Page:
A journalist for more than half a century--and the only person to hold the top position at both the New York Post and the Daily News--Pete Hamill pays homage to print journalism in his 10th novel, Tabloid City. Hamill is also the author of an acclaimed memoir, A Drinking Life (1994).
The Story: "I'm being summoned to the palace by a twenty-eight-year-old. The dauphin. A kid who spent two summers here as an intern, couldn't get a fact straight," grizzled veteran reporter and now editor Sam Briscoe thinks with disgust as the New York World prepares to go online, a move that will signal the end of Briscoe's long career. On what could be his last shift, Briscoe gets news of a double murder in the West Village. All in a day's work, except that one of the victims happens to be his longtime lover--and that episode is just the first in a series of events involving a cast of characters who define the grit, energy, and desperation of Briscoe's New York. "What always happens at the end is death," Briscoe muses, with a finality that rings too true.
Little, Brown. 288 pages. $26.99. ISBN: 9780316020756.
Los Angeles Times
"There's murder and mayhem in Pete Hamill's latest novel, Tabloid City, but the real victim in his book is the print journalism that Hamill knows and loves so well. This ticking time bomb of a novel is about the end of a form of daily storytelling in which America's big cities are like small towns--their recognizable casts of characters, dramas and moral struggles playing out on a slightly bigger, more complex stage." Susan Salter Reynolds
NY Times Book Review
"The real poignancy comes from nostalgia, and Hamill slathers it on like a counterman packing in the pastrami at Katz's. ... It's enough to make you weep." John Darnton
St. Petersburg Times
"As a thriller, Tabloid City works beautifully. But it's just as much a fond farewell to an era of journalism that's passing fast, with an eye toward its uncertain future." Colette Bancroft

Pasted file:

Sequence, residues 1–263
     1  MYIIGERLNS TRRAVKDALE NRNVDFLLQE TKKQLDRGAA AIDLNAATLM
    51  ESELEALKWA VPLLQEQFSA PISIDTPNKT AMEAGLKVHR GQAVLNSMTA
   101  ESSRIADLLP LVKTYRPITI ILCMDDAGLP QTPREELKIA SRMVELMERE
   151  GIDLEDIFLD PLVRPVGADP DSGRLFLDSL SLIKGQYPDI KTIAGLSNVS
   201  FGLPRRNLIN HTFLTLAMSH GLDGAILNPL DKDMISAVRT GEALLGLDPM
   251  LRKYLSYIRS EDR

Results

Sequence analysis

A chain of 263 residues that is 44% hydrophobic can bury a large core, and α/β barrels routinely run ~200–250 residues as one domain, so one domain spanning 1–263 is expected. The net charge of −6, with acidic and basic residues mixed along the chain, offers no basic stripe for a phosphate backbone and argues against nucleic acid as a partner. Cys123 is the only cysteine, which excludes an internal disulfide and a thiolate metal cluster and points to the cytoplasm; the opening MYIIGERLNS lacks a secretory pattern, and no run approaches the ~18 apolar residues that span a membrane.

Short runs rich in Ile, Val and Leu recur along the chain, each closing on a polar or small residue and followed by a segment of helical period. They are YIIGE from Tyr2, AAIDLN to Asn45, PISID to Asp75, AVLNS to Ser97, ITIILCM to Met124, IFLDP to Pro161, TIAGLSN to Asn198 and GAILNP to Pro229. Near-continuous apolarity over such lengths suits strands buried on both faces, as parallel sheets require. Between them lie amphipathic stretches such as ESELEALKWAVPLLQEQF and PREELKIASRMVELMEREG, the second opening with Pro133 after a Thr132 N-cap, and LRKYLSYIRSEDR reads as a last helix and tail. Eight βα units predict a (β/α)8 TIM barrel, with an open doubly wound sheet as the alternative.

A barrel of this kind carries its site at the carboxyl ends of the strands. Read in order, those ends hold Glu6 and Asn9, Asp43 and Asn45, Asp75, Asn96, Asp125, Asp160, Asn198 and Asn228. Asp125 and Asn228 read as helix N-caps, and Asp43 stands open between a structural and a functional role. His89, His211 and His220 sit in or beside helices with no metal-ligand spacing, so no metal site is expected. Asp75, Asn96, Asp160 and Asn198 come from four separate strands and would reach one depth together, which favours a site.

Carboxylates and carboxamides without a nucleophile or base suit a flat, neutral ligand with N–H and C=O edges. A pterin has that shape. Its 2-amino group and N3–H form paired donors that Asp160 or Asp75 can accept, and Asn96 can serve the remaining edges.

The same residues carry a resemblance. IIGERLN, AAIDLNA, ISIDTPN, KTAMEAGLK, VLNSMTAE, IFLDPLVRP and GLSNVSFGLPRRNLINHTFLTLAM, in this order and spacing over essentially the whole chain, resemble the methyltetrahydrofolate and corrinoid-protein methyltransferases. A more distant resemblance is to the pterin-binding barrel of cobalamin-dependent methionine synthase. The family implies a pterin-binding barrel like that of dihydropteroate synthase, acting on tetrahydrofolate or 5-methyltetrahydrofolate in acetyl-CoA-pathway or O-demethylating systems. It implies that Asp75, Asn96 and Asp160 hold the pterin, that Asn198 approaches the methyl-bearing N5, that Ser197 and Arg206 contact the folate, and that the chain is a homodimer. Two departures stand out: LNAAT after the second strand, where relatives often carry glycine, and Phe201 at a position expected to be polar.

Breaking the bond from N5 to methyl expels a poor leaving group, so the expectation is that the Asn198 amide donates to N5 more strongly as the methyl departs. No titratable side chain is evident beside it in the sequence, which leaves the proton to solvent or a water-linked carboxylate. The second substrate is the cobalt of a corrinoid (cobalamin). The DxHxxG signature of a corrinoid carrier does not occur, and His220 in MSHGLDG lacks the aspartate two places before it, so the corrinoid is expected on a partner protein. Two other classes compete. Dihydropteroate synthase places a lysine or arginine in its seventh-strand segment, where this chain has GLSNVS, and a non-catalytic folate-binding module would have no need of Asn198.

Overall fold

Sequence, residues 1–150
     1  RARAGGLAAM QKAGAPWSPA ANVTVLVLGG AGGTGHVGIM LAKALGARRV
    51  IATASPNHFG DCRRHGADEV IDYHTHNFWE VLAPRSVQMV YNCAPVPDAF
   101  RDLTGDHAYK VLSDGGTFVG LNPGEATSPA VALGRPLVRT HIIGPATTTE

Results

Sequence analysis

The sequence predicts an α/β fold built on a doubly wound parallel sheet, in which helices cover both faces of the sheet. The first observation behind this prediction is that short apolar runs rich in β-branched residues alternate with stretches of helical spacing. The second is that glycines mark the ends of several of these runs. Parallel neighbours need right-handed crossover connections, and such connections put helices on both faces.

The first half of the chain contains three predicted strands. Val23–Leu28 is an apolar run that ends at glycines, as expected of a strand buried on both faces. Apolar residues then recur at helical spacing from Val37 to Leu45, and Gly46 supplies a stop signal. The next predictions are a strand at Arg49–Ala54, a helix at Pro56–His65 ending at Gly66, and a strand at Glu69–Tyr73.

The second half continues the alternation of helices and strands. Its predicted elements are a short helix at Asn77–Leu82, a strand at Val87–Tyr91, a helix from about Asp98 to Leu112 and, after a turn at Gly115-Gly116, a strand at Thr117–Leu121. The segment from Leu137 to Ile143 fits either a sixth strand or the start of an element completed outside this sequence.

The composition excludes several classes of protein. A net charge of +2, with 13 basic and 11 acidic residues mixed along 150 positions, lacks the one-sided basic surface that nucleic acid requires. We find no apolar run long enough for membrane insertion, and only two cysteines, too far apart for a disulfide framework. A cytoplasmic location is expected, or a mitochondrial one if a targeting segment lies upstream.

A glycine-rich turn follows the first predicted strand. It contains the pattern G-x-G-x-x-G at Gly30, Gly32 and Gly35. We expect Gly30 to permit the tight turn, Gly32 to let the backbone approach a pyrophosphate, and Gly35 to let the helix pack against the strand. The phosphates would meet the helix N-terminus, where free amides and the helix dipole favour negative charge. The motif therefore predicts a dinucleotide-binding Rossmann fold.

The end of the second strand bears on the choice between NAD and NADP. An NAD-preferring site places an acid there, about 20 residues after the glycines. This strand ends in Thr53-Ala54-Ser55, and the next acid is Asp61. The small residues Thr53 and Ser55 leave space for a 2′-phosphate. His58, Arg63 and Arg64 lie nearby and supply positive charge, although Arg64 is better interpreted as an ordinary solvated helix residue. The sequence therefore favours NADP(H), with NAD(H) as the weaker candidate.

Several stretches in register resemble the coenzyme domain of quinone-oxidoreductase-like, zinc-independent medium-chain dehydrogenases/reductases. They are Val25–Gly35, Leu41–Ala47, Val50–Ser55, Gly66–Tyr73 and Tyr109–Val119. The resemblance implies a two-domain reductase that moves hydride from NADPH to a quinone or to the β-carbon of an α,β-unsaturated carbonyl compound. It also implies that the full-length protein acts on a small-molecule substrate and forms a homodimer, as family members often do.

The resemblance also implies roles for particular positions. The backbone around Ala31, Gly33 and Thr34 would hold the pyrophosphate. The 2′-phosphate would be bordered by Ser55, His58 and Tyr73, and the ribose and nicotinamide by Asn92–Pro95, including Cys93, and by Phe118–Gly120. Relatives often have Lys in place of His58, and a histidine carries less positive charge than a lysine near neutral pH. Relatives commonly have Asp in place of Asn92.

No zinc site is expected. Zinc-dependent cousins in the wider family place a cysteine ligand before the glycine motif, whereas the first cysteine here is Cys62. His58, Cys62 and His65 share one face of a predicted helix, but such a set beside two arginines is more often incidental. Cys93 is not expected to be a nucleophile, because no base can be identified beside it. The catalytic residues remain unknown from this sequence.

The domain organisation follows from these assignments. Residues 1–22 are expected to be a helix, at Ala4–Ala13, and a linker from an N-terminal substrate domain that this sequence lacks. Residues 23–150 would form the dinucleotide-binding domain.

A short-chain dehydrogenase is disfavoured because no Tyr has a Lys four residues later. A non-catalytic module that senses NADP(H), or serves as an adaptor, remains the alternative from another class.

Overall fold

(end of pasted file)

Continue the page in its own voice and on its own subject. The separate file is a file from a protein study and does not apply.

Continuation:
San Francisco Chronicle
"Everyone who stays with the book--which I recommend they do--will certainly regard it as a gritty tone-poem in prose on New York City life--and death. ... I was a little sad, actually, when the plot kicked in toward the end of the book, because I wanted more of the swirl and less of the resolution." Alan Cheuse
An elegy to print journalism and an accomplished thriller, Tabloid City showcases Pete Hamill's passion for a city--his city--and a bygone era. The star here isn't the plot, which consists of interwoven snapshot images involving more than a dozen characters, ranging from a policeman searching for his lost son to a disaffected, broken Iraq war veteran to an aging painter to a hedge fund manager on the run. Instead, reviewers celebrated the nostalgia evoked, in suitably journalistic prose, by the bittersweet memories of a lifelong New Yorker and the disappearance of an institution. Critics compared Hamill's latest to Virginia Woolf's Mrs Dalloway, John Dos Passos's Manhattan Transfer, and Jay McInerney's Bright Lights, Big City. The sweeping and intimate novel works both as novel and, especially, as a love letter to a lost art. Tabloid City ranks among Hamill's best.